JUNE 2010 — THE GENERAL AVIATION safety record has changed very little in decades despite continuous efforts by regulators and the industry. On the other hand, the major airlines and corporate flight departments have made great progress in reducing the number of accidents. There are many reasons for the divergence in results for the two types of flying, but it's clear that what we have been doing to improve general aviation safety isn't working.
The insurance company Avemco has a very specific interest in reducing the number of general aviation accidents because those are the only airplanes it insures. The company covers only piston airplanes and, with this focus plus a solid financial position and a reputation for excellent claims service, has been able to earn a big share of that market segment.
Avemco is also the only direct underwriter in the general aviation insurance business, so it deals directly with its insured pilots. With very detailed information on its pilots and, of course, exact information on every claim, Avemco is in a unique position to try to understand the general aviation safety situation better than the National Transportation Safety Board, the FAA or other organizations that promote safety do.
Over the past few years, Avemco has established a formal study program to examine why general aviation airplanes crash and how to prevent accidents and, in its own self-interest, to at least identify pilots who are at higher risk. It's clear that the FAA's training and testing standards are not doing the job because the record is not improving, so Avemco is looking at its own data for answers.
What Avemco has learned is that advanced pilot ratings make no noticeable difference in its risk when insuring general aviation pilots. A person with a commercial or ATP certificate shows up in its loss column at essentially the same rate as private pilots do.
Total pilot experience, after you have several hundred hours, doesn't seem to matter that much in predicting risk for Avemco. Recent experience is important, and time in type also matters, but the company has found that many thousands of hours in the logbook just don't help it understand the risk of the next flight hour that it is insuring.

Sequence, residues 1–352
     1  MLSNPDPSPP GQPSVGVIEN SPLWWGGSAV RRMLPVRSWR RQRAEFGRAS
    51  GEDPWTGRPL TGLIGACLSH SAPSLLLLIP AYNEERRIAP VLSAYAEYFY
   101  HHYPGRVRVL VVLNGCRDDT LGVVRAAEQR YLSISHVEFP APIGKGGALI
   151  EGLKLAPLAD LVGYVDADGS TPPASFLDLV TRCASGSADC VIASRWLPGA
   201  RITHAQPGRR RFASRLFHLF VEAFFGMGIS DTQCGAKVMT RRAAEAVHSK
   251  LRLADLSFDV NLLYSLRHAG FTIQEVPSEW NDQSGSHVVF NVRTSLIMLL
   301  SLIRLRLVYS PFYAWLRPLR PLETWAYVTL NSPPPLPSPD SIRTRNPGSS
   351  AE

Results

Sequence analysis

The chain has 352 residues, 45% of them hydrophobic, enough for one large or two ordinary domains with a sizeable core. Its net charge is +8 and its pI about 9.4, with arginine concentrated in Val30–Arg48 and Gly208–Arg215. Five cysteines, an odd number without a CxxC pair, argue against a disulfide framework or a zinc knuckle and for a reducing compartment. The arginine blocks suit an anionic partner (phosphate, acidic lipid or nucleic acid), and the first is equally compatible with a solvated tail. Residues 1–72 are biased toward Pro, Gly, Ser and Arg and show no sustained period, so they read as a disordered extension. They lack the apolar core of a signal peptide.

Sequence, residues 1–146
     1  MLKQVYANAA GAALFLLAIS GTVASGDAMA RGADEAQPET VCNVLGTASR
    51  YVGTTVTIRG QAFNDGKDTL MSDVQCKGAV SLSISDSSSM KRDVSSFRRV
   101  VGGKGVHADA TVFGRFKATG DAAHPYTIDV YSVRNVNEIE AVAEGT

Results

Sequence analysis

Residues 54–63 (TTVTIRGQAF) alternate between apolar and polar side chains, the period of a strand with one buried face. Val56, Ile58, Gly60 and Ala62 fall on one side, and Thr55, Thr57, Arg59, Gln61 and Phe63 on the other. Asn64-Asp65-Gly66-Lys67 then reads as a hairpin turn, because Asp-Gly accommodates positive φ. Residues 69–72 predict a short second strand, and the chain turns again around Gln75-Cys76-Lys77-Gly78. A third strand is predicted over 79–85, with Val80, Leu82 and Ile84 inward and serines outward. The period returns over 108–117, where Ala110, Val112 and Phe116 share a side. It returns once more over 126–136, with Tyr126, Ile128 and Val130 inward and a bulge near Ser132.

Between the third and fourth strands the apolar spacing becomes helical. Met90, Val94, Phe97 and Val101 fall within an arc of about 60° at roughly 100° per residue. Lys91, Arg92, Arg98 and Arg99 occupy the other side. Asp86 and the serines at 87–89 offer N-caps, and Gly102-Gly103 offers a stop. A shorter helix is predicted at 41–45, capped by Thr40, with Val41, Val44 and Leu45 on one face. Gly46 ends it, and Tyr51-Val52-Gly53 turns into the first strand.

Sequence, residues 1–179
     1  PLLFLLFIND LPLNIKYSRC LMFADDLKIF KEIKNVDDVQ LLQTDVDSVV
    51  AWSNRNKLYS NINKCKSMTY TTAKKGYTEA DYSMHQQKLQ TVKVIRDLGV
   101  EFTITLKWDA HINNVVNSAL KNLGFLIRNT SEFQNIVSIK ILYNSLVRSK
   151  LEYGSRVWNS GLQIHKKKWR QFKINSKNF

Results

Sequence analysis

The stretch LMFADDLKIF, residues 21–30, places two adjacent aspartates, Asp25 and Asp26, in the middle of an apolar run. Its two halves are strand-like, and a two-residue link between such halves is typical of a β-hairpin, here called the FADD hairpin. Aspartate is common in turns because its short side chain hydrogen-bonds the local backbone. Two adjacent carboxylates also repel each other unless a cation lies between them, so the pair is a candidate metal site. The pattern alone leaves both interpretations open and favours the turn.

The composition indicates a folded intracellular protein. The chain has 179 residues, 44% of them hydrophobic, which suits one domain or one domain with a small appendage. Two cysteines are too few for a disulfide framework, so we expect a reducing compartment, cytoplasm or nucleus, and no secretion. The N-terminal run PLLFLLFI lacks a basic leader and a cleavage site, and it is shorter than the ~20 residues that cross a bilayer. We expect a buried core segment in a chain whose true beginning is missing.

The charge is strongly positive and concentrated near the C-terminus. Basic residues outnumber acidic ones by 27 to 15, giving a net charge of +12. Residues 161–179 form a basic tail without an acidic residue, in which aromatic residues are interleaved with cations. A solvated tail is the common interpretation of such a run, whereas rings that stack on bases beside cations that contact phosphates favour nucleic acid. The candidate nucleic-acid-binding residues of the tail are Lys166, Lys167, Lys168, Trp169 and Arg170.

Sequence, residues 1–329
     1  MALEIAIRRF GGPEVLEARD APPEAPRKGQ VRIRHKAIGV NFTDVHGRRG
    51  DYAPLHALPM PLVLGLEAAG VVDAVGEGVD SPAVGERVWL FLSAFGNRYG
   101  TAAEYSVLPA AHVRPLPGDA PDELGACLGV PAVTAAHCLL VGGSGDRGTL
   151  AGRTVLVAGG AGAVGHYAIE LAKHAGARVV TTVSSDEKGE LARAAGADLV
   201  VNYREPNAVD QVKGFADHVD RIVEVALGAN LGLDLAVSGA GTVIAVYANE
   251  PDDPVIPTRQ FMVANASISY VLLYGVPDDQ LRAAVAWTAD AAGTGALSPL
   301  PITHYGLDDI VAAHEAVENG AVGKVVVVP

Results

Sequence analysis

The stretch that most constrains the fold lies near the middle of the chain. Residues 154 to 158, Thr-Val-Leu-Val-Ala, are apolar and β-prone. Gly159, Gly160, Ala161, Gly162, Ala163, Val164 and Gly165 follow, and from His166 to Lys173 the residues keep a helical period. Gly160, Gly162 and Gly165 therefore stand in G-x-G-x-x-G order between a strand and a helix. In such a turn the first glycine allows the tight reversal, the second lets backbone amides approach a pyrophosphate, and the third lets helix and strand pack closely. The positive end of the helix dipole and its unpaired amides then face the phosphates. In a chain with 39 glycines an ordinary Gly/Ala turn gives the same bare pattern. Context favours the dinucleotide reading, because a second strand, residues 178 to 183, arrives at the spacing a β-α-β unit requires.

Some insurance companies won't cover pilots of high-performance pistons unless the pilot has an instrument rating, but Avemco doesn't have that rule. It has found that a pilot can safely fly a Bonanza, for example, VFR and there doesn't seem to be any higher loss rate than for instrument rated pilots in the same airplane. In fact, flying IFR reduces some risks but also adds new issues that the VFR pilot should not encounter. Thirty years ago most of us in the industry thought that the IFR rating was a silver bullet that would eliminate, or at least greatly reduce, the weather-related accident, but it just hasn't worked out that way.
With all of the industry's standard measurements of what makes a good pilot — total hours, ratings and so on — not really being a reliable predictor of who will have an accident, Avemco has focused on the pilots as humans, hoping to find a way to identify those who have the "right stuff" in terms of attitude and personality to fly safely. In other words, who is the pilot that will add on too much risk, and how do you identify that person?
Bill Rhodes, a retired professor from the Air Force Academy, is conducting much of the research for Avemco. Bill's specialty is human behavior, but his passion is flying. His work is far from complete, but already he has identified some basic patterns in the pilot population.
It appears in Bill's research that pilot training, experience and skill level are important in preventing the minor accident. The most common insurance claim comes from a fender-bender type of accident on or near the runway. Pilots run off the end or the side or land short of the runway with alarming regularity. The damage from the big majority of this type of accident does not meet NTSB reporting standards, so it is not included in the overall safety statistics. But the insurance companies know about them, and care about them, because each one results in a claim.